Photos by Tommaso Protti for the Foundation Carmignac
The first time I traveled to the Brazilian Amazon some years ago, I visited my friend Simone in Macapá. The capital of Amapá, one of the nine states that make up Brazil’s Legal Amazon region, Macapá is a sleepy town on the northern bank of the Amazon River, close to where it meets the Atlantic Ocean. As I hovered over the line of the equator that cuts through town, one foot in the northern, another in the southern hemisphere, I was told that eggs standing on the division will not fall to either direction.
Admittedly, my guide for the day had not actually tried the experience, but she seemed convinced of its veracity.
I remember thinking at the time that the Amazon was like one of those eggs, strong but vulnerable, hanging in a precarious balance. Would it yield to the pressure of unbridled economic development, beaconing with the promise of an elusive El Dorado? Would it listen to the voices of those Indigenous, riverine and Quilombola (former runaway slaves) peoples who have inhabited the land for centuries? Would it even survive climate change, increasing desertification and the alarming rate of species extinction the earth is currently going through?
A few years later, the Brazilian Amazon, which amounts to 64% of the rainforest, is definitely out of kilter. Deforestation had been on the rise since 2012, but after President Jair Bolsonaro took office in January 2019, forest destruction has expanded dramatically. July 2019 saw a staggering 278% increase in deforestation when compared to the same month the previous year and predictions do not bode well for 2020. Data for the first trimester of this year shows a record rise of deforestation alerts, growing by more than 51% when compared to the same period in 2019. The Covid-19 pandemic has emboldened illegal loggers and miners, aware of the fact that Indigenous peoples are more vulnerable to the disease and, therefore, less likely to patrol their lands for fear of contagion. As the dry season (July-December) sets in the region, we are likely to see a repeat of last year’s destructive forest fires that caught the world’s attention and drew widespread international condemnation.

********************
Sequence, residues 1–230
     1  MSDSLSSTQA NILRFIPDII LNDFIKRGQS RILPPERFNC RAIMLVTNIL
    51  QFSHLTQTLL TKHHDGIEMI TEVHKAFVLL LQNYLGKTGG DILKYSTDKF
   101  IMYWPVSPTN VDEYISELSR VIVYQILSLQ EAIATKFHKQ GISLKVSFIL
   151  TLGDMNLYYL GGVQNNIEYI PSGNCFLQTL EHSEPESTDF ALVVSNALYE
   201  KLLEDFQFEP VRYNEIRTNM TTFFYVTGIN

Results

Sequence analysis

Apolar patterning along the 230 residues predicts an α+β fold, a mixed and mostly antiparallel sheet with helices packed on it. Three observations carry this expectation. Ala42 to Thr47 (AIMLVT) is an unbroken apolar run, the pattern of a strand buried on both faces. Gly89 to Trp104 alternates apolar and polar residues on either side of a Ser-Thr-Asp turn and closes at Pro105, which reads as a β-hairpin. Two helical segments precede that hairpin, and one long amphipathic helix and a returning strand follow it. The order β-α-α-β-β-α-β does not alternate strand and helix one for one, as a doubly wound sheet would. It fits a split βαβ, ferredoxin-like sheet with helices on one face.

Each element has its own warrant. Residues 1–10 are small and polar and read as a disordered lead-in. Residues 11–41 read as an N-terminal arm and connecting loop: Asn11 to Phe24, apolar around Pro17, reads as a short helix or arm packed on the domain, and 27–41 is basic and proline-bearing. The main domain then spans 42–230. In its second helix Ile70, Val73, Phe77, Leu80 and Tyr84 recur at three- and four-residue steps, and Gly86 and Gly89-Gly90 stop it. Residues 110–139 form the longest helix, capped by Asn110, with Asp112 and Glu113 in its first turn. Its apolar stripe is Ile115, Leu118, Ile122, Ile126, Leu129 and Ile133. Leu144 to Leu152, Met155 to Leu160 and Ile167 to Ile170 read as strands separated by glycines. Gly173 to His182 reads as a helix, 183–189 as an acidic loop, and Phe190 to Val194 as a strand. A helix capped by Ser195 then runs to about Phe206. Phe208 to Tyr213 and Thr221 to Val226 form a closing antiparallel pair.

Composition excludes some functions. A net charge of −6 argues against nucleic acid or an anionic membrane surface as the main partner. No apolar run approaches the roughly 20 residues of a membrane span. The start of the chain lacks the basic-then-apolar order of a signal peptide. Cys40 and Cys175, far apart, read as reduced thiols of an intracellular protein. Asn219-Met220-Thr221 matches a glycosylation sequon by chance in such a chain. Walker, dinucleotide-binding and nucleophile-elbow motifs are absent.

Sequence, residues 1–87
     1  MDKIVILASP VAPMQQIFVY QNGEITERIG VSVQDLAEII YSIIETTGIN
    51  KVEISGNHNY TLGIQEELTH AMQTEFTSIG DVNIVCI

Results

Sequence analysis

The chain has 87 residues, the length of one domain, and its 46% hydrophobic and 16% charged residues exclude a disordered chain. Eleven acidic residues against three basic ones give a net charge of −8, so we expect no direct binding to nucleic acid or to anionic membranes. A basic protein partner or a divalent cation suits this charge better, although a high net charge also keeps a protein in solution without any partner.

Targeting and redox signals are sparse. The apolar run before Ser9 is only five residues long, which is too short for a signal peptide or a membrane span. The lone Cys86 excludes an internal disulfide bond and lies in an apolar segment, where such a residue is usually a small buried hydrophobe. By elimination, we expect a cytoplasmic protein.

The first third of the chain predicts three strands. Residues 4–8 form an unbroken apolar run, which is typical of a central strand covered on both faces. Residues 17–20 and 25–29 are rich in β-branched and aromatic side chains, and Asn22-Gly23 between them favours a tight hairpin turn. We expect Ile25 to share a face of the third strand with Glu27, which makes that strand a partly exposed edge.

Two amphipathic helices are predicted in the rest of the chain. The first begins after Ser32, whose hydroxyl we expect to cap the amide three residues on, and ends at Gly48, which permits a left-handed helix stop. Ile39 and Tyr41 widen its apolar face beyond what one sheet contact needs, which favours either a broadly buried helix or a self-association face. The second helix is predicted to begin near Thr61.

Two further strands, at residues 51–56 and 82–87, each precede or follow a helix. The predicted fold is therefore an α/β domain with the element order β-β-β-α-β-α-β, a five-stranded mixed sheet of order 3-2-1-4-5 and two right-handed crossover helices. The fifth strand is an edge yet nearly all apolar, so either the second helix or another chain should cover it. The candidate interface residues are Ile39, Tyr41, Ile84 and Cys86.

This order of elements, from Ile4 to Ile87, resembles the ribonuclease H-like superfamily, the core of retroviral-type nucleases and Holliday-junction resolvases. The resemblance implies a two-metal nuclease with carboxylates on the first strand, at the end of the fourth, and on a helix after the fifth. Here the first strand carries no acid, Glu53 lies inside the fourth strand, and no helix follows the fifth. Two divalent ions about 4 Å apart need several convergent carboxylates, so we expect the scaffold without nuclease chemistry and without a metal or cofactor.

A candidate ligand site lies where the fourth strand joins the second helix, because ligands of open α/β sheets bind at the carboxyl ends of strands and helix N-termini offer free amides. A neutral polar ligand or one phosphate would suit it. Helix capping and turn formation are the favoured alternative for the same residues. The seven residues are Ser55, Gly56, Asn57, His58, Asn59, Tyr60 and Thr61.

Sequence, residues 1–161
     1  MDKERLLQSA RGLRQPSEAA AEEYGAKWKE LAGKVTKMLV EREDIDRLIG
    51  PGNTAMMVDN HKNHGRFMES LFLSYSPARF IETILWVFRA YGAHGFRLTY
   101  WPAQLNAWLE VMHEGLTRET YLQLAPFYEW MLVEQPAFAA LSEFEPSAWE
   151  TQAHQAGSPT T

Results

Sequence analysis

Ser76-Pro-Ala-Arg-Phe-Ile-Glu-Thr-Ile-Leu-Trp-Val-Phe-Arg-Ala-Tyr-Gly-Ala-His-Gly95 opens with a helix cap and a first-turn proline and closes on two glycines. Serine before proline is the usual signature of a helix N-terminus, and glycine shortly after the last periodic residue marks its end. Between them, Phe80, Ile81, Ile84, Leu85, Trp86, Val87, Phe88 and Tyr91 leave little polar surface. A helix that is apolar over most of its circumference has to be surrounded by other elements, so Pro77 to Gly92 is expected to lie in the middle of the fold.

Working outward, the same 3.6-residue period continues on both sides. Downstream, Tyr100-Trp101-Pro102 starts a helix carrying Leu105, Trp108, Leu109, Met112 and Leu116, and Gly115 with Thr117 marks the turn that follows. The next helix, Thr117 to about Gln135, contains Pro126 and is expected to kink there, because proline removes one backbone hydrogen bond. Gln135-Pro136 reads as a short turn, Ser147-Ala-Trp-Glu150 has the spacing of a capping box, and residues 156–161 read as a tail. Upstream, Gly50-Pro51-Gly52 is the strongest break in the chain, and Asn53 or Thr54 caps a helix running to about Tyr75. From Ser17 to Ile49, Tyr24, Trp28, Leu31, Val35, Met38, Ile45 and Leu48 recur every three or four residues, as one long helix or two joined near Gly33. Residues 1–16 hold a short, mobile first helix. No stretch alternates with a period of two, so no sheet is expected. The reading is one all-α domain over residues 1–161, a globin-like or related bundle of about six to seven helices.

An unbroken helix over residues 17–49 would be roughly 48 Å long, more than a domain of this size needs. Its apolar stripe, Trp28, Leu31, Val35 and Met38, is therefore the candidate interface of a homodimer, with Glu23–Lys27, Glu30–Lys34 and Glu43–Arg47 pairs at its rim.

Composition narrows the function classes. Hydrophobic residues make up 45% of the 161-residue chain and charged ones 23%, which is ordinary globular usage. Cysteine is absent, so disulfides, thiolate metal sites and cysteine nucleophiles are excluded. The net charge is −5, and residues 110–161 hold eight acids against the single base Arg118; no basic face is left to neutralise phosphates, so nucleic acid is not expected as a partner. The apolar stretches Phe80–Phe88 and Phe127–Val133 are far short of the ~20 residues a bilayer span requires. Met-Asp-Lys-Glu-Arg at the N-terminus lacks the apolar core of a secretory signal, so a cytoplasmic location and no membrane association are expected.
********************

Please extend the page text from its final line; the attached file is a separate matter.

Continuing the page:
Why does the Amazon burn? And, more importantly, why does that matter? The growing deforestation is a direct result of governmental decisions. A former army captain, who frequently praises the authoritarian military dictatorship that governed Brazil for more than two decades (1964-1985), Bolsonaro’s vision for the region is a clear continuation of dictatorship policies. He seeks to open up the Amazon for business and to exploit its natural resources by undermining the environmental protections and Indigenous rights to their ancestral lands enshrined in the country’s 1988 Constitution. His government has substantially cut the funding of environmental protection agencies such as the Brazilian Institute for the Environment and Renewable Natural Resources (IBAMA) and the Chico Mendes Institute for the Conservation of Biodiversity (ICMBio), as well as of the National Foundation for the Indian (FUNAI), in charge of safeguarding Indigenous rights.
Fines for environmental crimes are at their lowest for decades since Bolsonaro took office. In a recording of a governmental meeting recently released by a court order, Brazil’s environmental minister Ricardo Salles is heard advising other members of the executive to take advantage of the media attention afforded to Covid-19 to surreptitiously pass laws deregulating environmental protections. Encouraged by the government’s lenient approach to—and often outright incitement of—deforestation, incursions into protected areas and Indigenous lands are rampant.